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Part 4 transcription of the Q&A session during the public talk given by photographers Alex Webb and Rebecca Norris Webb, and David Chickey of Radius Books, at The National Museum Of Singapore on 9th March, 2012.
Emotion Versus Image
Question: Emotion in the image. I always wonder which come first, the emotion or the image? And also can technique training change the emotion in the image?
Alex Webb: Are you asking both of us? (Yah) Ok. Which comes first? Emotion or image? Which comes first? The chicken or the egg? (Audience laughs) Have to think about this one a little bit. I mean, you know, for me, you know, taking a photograph is a response and it’s a response, it’s a pre-rational response, it’s an intuitive emotional response, it’s spontaneous, it’s immediate.
You know, my understanding of the full range, perhaps, of the emotional resonance of the image probably doesn’t comes in the act of photographing, it comes more looking at the photograph afterwards, trying to understand the photograph. So maybe in that sense, the image comes before the emotion. But the emotion is connected with it initially otherwise I wouldn’t have taken the picture so they are inevitably intertwined.
Rebecca Norris Webb: You know, I guess I see in images and I don’t necessary know why that image gets under my skin. And it’s only after looking and living, and the editing process, of looking at the images that you start to understand.
Like for instance in “My Datoka” work, I mentioned earlier, all of these images that have this wave pattern. And I haven’t lost an immediate family member and this was one first experience of grief. And they say that one’s first grief is very akin to one’s first love. It changes you and you’re never the same afterwards. And, you know, with that wave pattern, you know, I kept thinking of that and one of the text pieces that came to me that in the great plains which is a very dry area, it used to be thousands and thousands of years ago, an endless sea. And they had sea turtles that were ten times the size of a man that they find skeletons in this area.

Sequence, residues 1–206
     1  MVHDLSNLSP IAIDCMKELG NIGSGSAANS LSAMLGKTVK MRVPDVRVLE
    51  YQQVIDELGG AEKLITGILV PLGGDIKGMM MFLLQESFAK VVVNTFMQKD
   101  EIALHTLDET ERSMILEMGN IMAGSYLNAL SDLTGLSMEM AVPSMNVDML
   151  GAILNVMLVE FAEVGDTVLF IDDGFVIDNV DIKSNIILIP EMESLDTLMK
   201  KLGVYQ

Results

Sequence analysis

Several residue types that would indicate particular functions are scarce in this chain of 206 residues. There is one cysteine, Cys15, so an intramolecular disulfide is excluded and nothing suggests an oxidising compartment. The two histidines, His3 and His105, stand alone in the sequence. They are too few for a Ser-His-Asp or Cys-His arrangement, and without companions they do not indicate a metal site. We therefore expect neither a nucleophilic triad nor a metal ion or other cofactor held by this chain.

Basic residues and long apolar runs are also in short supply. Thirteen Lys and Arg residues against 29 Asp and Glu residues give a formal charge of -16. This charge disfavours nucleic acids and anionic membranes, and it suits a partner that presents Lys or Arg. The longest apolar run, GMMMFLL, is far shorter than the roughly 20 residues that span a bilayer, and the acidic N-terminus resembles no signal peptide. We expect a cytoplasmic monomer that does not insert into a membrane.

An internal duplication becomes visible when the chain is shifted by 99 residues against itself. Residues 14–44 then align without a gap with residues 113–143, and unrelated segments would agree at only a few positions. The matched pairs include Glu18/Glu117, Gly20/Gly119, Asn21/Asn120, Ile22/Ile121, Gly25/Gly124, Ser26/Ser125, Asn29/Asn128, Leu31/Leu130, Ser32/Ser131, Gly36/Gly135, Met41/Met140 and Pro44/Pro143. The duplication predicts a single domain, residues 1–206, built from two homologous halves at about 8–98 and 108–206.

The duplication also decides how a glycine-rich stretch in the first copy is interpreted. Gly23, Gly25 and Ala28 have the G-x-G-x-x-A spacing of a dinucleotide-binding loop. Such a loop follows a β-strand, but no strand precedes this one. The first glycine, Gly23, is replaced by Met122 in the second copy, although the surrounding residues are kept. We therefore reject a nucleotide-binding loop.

And the other thing that I was doing a lot of reading and during this period of time and scientists, researchers, socio-scientists have decided that the idea of grieving and the five stages of grief, that is not really happening. That really, you don’t just go A to B to C to D to E, and done. That the grief keep coming in waves, they may come your entire life. And so this sense of waves and the pattern of waves and the sense of endless seas sort of came together but it’s only very late into the project, you know, that like when one of the text pieces came to me that sort of, as close to the understanding, you know, the text piece was, “Does the prayer belong to me and in the endless sea again? Does each wave of suffering teach us how to swim?” So it’s sort of mysterious the role of the images play, you know that lead to my book.
Question: Thank you very much for sharing. A lot of what you said about book is a form of looking at photography, sequence, rhythm, err you know, the relationship between text and images could as well be imported to iPad. (Audience Laugh). And I just wondered if you had any experimentation with that and any thoughts on it. I thought, literally, that the title, The Glass Between Us, might have actually referred to that. (Alex laughs) There are certain number of aspects of seeing photography this way, you know, the kind of intimacy to image and of course the dynamic range which is so much better on the screen.
Alex: I mean I really haven’t experiment with that very much, I mean with the iPad. You know, I have done some sort of small multimedia things that exists sometimes on the Web. But, you know, it takes me a lot of time, I’m kind of a dinosaur. (Audience laughs)
You know, I’m now starting to work digitally, largely because the film I have been using for thirty years doesn’t exist anymore. (Audience laughs) But it’s a long, slow process that a Spanish newspaper some years ago that interviewed me and I said I’m a dinosaur made the headlines. (Audience laughs)
So, you know, it may well now come around that after all, I was once a black and white photographer, I thought color was terrible and that changed. And now I seem to be slowly working digitally so who knows what the future will bring.
Rebecca: Well I haven’t tried yet to do any kind of app but I am interested in it because of the text element. When I did the presentations when I read, I like the idea perhaps there could be an app where I would actually read some of the text pieces. I had the My Datoka translated now, maybe three translators who done it into three different languages.
And I like the idea because people still say that hearing my voice even if it isn’t English, their first language. And I like idea that people can still hear the tone of my voice and then I could also have my friends who are poets translate them into other languages and that somehow that could work in. I’ve been interested in that but hadn’t tried it yet. Something that interests me.
Text: Sebastian Song
Read All Transcriptions:
Q&A with Alex Webb, Rebecca Norris Webb & David Chickey
- Q&A with Webbs & Chickey Part 3: Motivation
- Q&A with Webbs & Chickey Part 1: The Philosophy
- Q&A with Webbs & Chickey Part 7: Critique &…
- Q&A with Webbs & Chickey Part 5: Knowing when a…
- Q&A with Webbs & Chickey Part 2: Seeing In Color
- Q&A with Webbs & Chickey Part 9: Access &…
- Q&A with Webbs & Chickey Part 8: Moving from Film…
- Q&A with Webbs & Chickey Part 6: To photograph the